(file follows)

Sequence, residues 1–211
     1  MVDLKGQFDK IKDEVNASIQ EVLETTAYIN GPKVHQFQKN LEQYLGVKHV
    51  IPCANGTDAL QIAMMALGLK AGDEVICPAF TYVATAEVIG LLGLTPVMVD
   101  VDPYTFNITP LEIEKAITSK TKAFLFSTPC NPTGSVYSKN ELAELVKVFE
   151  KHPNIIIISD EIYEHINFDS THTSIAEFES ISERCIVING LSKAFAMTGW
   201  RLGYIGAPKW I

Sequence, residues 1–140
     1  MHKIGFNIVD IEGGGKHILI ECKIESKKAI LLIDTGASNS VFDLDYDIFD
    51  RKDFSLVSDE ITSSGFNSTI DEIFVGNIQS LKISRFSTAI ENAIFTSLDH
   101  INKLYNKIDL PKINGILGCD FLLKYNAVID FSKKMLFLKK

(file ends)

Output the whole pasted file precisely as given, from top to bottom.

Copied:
Sequence, residues 1–211
     1  MVDLKGQFDK IKDEVNASIQ EVLETTAYIN GPKVHQFQKN LEQYLGVKHV
    51  IPCANGTDAL QIAMMALGLK AGDEVICPAF TYVATAEVIG LLGLTPVMVD
   101  VDPYTFNITP LEIEKAITSK TKAFLFSTPC NPTGSVYSKN ELAELVKVFE
   151  KHPNIIIISD EIYEHINFDS THTSIAEFES ISERCIVING LSKAFAMTGW
   201  RLGYIGAPKW I

Sequence, residues 1–140
     1  MHKIGFNIVD IEGGGKHILI ECKIESKKAI LLIDTGASNS VFDLDYDIFD
    51  RKDFSLVSDE ITSSGFNSTI DEIFVGNIQS LKISRFSTAI ENAIFTSLDH
   101  INKLYNKIDL PKINGILGCD FLLKYNAVID FSKKMLFLKK